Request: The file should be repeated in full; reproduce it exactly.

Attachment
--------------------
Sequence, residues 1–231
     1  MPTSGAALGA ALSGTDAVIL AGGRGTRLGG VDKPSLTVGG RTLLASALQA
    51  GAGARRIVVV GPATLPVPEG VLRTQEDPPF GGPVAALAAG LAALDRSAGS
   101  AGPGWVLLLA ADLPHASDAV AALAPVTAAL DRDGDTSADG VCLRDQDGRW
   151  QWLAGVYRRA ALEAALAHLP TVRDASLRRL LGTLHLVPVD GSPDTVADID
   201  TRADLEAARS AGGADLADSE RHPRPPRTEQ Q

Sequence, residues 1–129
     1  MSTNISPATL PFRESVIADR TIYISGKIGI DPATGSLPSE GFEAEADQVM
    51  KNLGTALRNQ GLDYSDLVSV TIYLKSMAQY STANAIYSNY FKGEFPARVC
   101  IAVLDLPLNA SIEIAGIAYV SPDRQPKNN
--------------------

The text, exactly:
Sequence, residues 1–231
     1  MPTSGAALGA ALSGTDAVIL AGGRGTRLGG VDKPSLTVGG RTLLASALQA
    51  GAGARRIVVV GPATLPVPEG VLRTQEDPPF GGPVAALAAG LAALDRSAGS
   101  AGPGWVLLLA ADLPHASDAV AALAPVTAAL DRDGDTSADG VCLRDQDGRW
   151  QWLAGVYRRA ALEAALAHLP TVRDASLRRL LGTLHLVPVD GSPDTVADID
   201  TRADLEAARS AGGADLADSE RHPRPPRTEQ Q

Sequence, residues 1–129
     1  MSTNISPATL PFRESVIADR TIYISGKIGI DPATGSLPSE GFEAEADQVM
    51  KNLGTALRNQ GLDYSDLVSV TIYLKSMAQY STANAIYSNY FKGEFPARVC
   101  IAVLDLPLNA SIEIAGIAYV SPDRQPKNN